Got malware? Now you can bank online anyway

The CSIRO has developed a tool it says will prevent criminals snooping online communications, but hacking experts say the system is not foolproof.

The CSIRO has developed a tool it says will prevent criminals snooping on online communications, but hacking experts say the system is not foolproof.

The tool, dubbed the Trust Extension Device (TED), developed by the government research body, is a set of software tools loaded on to a portable storage device, which the CSIRO claims will allow online banking customers to create a quarantined desktop environment on computers that have been compromised by trojans, viruses or other malware.

"The TED is a set software components currently because it's implemented on a USB stick. It essentially starts a virtualisation machine. It's built on top of QEMU virtualisation software," TED's developer, Dr John Zic, research director of the CSIRO's Networking Technologies Laboratory.

"When you plug the device in, it then starts this virtualisation software, creating a separate bubble if you will -- an execution environment within which a small operating system starts up," he said.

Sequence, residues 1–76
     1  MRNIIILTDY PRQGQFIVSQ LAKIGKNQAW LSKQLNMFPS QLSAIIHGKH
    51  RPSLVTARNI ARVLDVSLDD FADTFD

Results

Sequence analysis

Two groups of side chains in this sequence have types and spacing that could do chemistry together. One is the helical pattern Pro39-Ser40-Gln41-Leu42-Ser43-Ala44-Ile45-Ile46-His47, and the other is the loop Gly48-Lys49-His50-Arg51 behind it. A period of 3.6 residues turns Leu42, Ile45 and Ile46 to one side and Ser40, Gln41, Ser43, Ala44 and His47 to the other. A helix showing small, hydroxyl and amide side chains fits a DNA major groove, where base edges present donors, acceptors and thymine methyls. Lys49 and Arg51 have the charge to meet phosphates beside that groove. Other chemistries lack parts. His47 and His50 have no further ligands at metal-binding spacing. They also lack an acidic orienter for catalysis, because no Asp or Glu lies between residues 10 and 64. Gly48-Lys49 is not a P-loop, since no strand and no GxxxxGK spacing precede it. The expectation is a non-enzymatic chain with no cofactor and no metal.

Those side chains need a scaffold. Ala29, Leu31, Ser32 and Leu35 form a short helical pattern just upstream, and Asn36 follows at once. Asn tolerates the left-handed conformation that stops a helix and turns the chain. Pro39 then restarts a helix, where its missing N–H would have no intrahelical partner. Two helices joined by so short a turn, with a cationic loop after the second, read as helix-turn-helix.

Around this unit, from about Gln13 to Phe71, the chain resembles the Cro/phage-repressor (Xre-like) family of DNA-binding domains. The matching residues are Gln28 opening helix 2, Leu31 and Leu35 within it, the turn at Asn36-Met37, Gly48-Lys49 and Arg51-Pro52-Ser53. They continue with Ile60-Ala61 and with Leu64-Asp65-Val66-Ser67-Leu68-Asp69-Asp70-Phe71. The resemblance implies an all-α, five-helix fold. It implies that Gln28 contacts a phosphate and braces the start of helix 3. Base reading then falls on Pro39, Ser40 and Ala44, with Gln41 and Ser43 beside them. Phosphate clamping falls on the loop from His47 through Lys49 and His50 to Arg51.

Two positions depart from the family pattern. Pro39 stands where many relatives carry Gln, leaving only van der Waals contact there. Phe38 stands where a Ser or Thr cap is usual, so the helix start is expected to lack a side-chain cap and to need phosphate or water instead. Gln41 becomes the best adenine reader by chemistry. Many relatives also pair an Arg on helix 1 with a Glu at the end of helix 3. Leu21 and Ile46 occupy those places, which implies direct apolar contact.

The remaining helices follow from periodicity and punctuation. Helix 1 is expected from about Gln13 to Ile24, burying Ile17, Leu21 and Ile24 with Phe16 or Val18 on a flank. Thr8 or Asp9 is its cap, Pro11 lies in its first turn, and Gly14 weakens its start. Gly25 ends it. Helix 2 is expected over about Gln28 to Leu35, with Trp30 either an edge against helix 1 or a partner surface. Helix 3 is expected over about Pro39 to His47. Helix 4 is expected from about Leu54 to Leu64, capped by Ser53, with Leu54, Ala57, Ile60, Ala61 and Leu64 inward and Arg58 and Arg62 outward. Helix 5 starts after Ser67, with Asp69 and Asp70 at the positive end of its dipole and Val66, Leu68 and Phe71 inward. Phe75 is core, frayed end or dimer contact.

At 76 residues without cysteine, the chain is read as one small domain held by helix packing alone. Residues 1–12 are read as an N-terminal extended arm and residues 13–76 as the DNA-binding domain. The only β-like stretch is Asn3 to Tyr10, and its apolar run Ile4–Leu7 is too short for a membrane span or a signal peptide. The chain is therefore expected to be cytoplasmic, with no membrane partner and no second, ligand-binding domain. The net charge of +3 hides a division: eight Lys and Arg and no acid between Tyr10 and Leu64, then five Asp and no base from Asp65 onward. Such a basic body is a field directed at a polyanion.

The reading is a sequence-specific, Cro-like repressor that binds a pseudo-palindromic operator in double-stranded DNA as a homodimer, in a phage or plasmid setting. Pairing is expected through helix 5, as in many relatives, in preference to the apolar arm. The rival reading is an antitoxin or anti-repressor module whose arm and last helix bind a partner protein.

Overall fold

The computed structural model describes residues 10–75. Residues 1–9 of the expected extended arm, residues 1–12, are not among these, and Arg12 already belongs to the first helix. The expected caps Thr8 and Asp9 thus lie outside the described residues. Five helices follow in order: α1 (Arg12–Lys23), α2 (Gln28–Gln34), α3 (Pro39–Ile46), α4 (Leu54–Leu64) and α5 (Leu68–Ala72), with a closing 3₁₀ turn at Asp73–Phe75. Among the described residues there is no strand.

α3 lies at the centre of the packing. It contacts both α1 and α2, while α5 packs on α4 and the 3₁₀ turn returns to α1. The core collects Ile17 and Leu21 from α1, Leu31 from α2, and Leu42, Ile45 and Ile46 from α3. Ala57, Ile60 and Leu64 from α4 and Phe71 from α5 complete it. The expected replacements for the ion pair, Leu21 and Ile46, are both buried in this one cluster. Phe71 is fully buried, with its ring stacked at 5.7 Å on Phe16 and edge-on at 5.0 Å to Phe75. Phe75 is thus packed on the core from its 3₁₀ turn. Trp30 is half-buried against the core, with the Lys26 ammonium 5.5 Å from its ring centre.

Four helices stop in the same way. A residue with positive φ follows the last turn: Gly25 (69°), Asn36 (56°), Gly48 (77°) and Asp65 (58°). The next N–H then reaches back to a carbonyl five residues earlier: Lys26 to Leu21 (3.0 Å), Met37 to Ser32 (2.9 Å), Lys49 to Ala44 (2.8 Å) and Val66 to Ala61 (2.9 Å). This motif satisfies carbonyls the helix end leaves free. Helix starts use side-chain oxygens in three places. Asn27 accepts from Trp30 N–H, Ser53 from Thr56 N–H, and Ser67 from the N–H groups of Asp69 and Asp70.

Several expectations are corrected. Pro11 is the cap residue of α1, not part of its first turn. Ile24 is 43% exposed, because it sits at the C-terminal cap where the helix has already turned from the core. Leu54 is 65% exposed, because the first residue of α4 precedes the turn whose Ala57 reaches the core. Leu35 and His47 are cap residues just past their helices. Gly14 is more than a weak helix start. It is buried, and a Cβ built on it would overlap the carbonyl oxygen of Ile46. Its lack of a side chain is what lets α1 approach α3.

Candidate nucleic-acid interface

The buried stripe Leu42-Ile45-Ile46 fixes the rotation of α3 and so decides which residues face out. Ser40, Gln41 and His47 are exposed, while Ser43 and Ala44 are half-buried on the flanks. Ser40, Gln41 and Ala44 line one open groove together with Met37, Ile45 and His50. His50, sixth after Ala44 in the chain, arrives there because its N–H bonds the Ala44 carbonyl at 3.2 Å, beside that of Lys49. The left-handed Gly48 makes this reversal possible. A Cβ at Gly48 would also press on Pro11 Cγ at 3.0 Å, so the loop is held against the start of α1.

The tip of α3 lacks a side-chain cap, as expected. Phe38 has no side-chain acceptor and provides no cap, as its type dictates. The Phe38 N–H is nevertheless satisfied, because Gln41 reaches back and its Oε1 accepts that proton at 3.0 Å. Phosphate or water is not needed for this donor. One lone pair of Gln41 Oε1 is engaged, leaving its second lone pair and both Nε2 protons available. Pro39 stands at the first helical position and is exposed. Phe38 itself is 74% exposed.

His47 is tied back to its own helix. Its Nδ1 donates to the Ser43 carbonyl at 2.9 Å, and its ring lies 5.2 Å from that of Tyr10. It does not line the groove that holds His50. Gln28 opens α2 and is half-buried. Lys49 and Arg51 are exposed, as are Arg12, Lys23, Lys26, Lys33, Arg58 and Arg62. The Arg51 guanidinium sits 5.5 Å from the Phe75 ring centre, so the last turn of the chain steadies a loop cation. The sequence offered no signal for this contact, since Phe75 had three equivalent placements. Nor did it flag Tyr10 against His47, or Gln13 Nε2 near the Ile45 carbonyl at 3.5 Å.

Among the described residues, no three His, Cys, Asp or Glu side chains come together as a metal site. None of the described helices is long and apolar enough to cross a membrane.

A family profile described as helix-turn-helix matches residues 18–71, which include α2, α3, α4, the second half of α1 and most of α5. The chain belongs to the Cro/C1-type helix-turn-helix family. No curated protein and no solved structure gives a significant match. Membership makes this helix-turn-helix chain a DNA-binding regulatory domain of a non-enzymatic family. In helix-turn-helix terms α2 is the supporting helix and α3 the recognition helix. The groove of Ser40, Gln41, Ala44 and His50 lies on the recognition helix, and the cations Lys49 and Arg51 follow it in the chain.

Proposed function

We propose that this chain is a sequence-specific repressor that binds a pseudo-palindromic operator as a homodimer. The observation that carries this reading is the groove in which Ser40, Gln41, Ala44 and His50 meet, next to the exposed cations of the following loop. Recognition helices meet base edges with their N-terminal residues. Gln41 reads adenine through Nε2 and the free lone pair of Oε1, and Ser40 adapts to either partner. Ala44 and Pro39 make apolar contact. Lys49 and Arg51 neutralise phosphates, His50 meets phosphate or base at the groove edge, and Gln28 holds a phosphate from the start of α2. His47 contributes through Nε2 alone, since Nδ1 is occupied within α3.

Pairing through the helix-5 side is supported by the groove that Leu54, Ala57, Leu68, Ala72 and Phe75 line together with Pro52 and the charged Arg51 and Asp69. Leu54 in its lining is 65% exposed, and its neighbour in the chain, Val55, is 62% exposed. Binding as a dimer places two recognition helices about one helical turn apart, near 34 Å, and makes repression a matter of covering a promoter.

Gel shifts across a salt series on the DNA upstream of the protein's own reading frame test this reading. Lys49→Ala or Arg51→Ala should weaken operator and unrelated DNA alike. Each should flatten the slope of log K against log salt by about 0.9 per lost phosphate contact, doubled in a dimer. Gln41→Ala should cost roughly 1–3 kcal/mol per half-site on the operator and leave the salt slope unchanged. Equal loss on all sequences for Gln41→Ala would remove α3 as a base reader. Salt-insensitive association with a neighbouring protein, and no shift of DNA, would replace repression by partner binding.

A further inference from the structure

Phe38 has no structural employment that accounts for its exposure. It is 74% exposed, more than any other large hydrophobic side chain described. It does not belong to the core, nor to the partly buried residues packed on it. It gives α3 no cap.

The virtual operating system also contains a set of cryptographic functions as well as an e-mail client or banking client. Before it runs an application or allows a transaction to occur, the TED establishes trust with the remote enterprise server requiring both ends to prove their identities to each other.

Dr Zic also hopes to see the technology applied to secure communications in the healthcare sector.

"What we're proposing is an extension to that where you can have a whole group of people each with their own TED to start up their own secure collaboration environment," he said.

But not everyone is convinced by the technology because the virtualised environment still shares some components of a computer with the base operating environment.

"Because the virtualised environment comes up within that base operating system, a trojan is still able to capture screenshots, see what windows you're viewing, and see what numbers you're typing in with your Internet banking," Pure Hacking penetration tester Ty Miller told ZDNet.com.au.

"Keylogging may be a bit more difficult, but it depends on whether the host [base] operating system can detect the keystrokes that are being entered into the virtualised environment," he added.

Another question is whether the tool is a read-only device. If files can be written to the location of the operating system, the trusted environment can be also compromised, said Miller.

Nonetheless, over the next month the CSIRO will be seeking expressions of interest to commercialise the product.

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